That "design" is so hearty that sharks as a group have survived for 400 million years, predating dinosaurs. Their olfactory senses are extremely sharp, even surpassing the exceptional acuteness possessed by dogs. Sharks can sense the electromagnetic fields that are put off by all animals, and detect small changes in the pressure in the water. Scientists in Florida think that sensitivity to water pressure is the reason 13 young blacktip sharks, much to the scientists' surprise, fled their coastal nursery habitat just before a tropical storm battered the area, returning after it had subsided.
Ecosystems being complicated, it's tough to predict the effects of a shark population collapse. But in 2005, scientists Jordi Bascompte, Carlos Melián and Enric Sala published a study in the Proceedings of the National Academy of Sciences showing that shark overfishing in the Caribbean had degraded the whole ecosystem. Shark numbers fell, so the number of groupers, on which they prey, rose. Groupers normally prey on parrotfishes, so with more groupers around, the parrotfish population fell. Parrotfishes eat the algae that grows on coral reefs. With fewer parrotfish in the area, the coral reefs became covered in algae, which blocks the sunlight coral needs to survive. "When the reefs die, the whole system dies," Hueter says.
Sharks have also come to play an important economic role in many societies. "Just wiping these animals off the face of the earth could be one of our greater mistakes in resource utilization," Hueter says. Shark meat, which can be harvested in a sustainable fashion, has become a major source of protein in some developing nations. Sharks are a valuable fish in aquariums and in ecotourism, with hundreds of small companies worldwide taking paying customers on shark-watching tours. The WWF determined that tourism in 2005 to a single site in the Philippines to see whale sharks--the world's largest fish--brought the country $623,000. The same year, a single Australian whale shark site, Ningaloo Reef, generated $7.8 million over two months. Fishermen also stand to lose their livelihood if sharks go.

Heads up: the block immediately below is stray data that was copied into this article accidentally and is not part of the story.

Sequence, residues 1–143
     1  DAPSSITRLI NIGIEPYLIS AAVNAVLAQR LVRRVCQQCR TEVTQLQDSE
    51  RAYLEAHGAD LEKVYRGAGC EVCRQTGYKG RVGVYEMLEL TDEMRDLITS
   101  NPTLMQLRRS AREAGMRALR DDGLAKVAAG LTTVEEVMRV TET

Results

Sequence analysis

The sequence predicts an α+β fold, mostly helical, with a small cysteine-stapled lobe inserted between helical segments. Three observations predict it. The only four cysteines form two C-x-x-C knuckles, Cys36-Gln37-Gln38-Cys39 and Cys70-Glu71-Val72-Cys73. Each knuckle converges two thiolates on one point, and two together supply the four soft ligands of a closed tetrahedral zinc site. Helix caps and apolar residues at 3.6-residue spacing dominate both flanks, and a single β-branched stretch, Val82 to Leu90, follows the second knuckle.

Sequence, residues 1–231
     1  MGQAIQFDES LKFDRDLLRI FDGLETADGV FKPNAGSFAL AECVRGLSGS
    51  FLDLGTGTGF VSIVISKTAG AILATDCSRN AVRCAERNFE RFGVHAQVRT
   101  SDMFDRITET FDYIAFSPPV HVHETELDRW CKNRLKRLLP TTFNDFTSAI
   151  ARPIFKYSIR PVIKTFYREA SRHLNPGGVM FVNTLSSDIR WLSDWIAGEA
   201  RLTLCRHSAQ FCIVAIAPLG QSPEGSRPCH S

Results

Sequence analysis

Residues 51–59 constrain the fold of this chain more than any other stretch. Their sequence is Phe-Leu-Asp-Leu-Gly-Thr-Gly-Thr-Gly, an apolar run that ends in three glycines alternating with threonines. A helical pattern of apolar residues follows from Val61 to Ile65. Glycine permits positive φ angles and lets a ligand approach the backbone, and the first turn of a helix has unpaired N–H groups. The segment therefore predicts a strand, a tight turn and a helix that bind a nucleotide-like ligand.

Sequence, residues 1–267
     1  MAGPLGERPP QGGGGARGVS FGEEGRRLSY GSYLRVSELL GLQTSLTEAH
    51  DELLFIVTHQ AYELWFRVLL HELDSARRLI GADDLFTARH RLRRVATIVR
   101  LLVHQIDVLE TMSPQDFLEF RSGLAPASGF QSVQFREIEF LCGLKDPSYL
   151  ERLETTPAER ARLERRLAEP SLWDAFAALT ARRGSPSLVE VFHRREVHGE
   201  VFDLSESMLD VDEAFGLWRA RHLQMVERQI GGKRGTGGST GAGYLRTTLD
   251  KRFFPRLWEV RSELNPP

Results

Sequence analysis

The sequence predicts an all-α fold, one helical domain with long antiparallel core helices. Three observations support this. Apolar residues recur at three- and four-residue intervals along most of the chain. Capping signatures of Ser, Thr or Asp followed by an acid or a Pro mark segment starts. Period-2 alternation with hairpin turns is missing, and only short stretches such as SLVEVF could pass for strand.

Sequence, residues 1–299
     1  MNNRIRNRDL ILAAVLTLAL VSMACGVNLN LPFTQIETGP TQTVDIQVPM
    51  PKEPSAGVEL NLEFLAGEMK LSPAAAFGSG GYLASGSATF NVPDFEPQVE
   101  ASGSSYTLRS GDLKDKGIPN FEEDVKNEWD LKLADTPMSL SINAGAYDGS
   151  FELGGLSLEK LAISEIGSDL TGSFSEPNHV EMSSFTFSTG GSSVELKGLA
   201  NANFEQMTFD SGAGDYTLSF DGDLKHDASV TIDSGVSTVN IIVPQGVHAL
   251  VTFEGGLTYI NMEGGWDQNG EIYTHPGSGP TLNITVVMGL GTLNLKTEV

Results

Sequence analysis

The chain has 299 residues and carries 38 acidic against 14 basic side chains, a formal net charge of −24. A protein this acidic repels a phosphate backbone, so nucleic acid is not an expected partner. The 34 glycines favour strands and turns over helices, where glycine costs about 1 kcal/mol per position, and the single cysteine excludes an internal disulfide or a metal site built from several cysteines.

Meanwhile, shark populations worldwide continue to shrink, taking their secrets with them. So the next time the headlines scream "shark attack," spare a thought for the poor shark.